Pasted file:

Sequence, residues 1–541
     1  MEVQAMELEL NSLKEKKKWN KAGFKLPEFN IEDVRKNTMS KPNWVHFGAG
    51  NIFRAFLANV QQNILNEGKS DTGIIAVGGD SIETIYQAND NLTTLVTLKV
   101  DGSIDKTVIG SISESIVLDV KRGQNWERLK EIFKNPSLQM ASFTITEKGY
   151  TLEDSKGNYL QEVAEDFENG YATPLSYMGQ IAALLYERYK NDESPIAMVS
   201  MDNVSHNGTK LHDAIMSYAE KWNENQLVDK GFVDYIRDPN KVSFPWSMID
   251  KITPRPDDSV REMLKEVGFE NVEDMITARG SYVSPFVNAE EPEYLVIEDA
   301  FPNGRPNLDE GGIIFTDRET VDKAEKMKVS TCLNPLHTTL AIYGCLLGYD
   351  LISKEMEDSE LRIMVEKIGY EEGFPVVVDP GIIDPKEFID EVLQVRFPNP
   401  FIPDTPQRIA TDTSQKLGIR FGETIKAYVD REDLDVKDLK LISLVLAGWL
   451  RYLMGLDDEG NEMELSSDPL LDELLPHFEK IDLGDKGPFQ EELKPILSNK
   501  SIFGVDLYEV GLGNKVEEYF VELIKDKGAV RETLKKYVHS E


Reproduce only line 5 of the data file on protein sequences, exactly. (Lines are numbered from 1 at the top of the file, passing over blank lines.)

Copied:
   151  TLEDSKGNYL QEVAEDFENG YATPLSYMGQ IAALLYERYK NDESPIAMVS